During last week’s Q3 2018 earnings presentation, executives from GlaxoSmithKline (GSK) highlighted the strong performance of the company’s vaccine business (+17% overall sales, +34% US sales)—growth that can be largely attributed to the meteoric launch of Shingrix (zoster vaccine, recombinant [adjuvanted]), which has thus far surpassed even the most optimistic pundits’ expectations.

The figure below summarises Shingrix’s quarterly sales since its approval in late 2017. With revenues totalling $725m for the first nine months of 2018 and its rollout yet to gain momentum outside of the US, eclipsing the $1bn mark before the end of the year seems well within reach for GSK’s soon-to-be blockbuster vaccine.

Since supplanting Merck & Co.’s Zostavax (zoster vaccine, live-attenuated) as the Centers for Disease Control and Prevention’s (CDC’s) recommended herpes zoster vaccine for adults 50 years of age and above in October 2017, Shingrix’s uptake in the US has soared, bolstered by GSK’s focus on securing its availability in over 22,000 retail pharmacies across the US. In fact, the company’s launch strategy has been so successful that Shingrix was added to the CDC’s list of current vaccine shortages and delays this past summer to ensure those who receive the first dose of Shingrix can complete the two-dose series.

Known more commonly as shingles, herpes zoster affects approximately one million people annually in the US alone, 30% of whom develop postherpetic neuralgia (PHN), debilitating pain lasting from at least three months up to several years. Given Shingrix’s strong clinical profile and the lack of short-term competition, GlobalData expects its aggressive growth trajectory to continue into 2019 as GSK works to solve demand issues by ramping up manufacturing.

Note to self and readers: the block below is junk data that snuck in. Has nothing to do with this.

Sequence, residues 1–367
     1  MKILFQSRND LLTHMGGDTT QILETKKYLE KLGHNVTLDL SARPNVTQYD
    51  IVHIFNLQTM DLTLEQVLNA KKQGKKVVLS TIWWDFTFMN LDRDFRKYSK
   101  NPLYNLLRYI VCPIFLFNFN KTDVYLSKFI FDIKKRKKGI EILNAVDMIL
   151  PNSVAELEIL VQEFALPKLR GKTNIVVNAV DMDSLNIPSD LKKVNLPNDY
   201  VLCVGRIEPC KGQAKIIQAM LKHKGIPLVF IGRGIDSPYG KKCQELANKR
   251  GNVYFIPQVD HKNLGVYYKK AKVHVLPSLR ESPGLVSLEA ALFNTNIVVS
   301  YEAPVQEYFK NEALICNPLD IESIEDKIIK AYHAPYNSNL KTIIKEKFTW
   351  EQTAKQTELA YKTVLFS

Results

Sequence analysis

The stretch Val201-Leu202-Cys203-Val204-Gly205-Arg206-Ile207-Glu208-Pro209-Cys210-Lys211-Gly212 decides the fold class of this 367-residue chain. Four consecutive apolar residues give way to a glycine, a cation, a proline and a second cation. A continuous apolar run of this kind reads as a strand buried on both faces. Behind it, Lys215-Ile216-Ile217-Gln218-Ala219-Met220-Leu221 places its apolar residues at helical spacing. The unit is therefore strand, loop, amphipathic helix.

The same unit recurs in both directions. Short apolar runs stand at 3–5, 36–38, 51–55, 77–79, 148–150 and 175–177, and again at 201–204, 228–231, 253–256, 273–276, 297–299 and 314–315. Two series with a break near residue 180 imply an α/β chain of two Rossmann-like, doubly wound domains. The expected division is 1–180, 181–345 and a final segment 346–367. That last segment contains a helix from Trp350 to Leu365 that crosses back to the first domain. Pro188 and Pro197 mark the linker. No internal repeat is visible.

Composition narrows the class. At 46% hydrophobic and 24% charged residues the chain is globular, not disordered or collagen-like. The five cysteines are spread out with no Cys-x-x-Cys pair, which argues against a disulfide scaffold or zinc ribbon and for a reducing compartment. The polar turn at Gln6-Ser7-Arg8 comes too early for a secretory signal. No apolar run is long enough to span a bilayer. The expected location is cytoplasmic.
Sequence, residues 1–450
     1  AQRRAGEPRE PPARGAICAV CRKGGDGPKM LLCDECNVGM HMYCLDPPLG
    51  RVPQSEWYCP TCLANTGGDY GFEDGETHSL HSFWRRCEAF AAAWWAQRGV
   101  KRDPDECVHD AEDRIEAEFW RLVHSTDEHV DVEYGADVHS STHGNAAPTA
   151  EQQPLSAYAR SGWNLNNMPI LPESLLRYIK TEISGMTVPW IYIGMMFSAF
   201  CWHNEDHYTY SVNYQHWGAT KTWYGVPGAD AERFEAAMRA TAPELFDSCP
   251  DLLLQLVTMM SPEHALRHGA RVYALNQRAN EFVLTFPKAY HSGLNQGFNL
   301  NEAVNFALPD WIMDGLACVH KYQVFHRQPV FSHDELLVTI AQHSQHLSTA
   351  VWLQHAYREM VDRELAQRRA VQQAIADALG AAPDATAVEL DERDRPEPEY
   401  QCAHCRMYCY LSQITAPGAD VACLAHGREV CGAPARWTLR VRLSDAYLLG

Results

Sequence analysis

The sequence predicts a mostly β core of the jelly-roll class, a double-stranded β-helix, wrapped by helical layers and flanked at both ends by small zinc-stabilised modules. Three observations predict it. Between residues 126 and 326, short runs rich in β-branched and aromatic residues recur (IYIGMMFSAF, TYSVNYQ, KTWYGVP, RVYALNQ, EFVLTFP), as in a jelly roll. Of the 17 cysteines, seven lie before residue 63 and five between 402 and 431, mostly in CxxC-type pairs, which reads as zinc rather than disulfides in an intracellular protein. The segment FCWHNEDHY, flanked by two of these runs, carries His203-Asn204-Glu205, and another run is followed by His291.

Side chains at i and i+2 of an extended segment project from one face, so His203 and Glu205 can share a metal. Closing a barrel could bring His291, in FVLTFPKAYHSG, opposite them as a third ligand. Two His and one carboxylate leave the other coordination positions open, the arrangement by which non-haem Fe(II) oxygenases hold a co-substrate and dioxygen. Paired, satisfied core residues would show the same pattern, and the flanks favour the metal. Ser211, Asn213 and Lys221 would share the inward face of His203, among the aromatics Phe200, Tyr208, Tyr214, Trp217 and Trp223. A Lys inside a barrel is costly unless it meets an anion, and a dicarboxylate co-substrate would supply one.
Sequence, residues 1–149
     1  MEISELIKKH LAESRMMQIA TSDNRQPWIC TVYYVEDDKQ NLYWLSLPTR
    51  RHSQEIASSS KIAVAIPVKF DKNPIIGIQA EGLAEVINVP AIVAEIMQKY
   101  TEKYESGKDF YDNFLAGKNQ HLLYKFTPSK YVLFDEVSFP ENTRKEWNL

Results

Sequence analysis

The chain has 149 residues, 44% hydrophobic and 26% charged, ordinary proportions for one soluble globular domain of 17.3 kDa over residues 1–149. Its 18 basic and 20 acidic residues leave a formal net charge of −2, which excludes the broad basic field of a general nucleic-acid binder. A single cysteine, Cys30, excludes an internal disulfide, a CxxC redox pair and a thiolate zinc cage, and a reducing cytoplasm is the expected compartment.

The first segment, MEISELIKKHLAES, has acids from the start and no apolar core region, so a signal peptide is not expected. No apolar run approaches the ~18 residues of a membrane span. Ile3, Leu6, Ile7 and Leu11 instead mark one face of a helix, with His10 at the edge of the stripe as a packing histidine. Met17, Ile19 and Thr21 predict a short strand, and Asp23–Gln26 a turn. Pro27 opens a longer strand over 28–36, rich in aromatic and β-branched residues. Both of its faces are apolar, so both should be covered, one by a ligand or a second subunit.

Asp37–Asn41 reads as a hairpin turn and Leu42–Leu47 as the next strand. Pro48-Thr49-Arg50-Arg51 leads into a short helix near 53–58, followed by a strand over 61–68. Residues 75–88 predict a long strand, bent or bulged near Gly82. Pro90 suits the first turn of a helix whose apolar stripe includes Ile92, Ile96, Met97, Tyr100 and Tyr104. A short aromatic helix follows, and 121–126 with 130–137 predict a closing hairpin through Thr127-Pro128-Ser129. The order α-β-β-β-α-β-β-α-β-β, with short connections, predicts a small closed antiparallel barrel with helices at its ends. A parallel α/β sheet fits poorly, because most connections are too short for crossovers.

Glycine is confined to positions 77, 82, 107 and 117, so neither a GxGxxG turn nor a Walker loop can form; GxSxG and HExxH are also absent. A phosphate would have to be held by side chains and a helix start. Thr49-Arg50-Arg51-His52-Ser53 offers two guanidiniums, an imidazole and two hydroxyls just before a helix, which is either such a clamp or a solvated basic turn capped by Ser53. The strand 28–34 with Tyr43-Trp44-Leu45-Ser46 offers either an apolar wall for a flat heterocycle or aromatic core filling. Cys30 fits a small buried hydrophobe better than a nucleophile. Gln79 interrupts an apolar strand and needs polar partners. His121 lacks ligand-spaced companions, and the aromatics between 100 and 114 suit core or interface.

Despite Shingrix’s successful launch, barriers to its uptake do exist. For example, experts have expressed concerns about the potential for unanticipated adverse events associated with the vaccine’s AS01 adjuvant system, which could become apparent once used in a larger population. Historically low adult immunisation rates will also threaten Shingrix’s long-term commercial success—though the retail pharmacy model, which offers a more convenient setting for many adults to be vaccinated, seems to be yielding results.

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These hurdles notwithstanding, GlobalData views Shingrix as a perennial blockbuster that should remain a key fixture of GSK’s core business strategy in 2019 and beyond.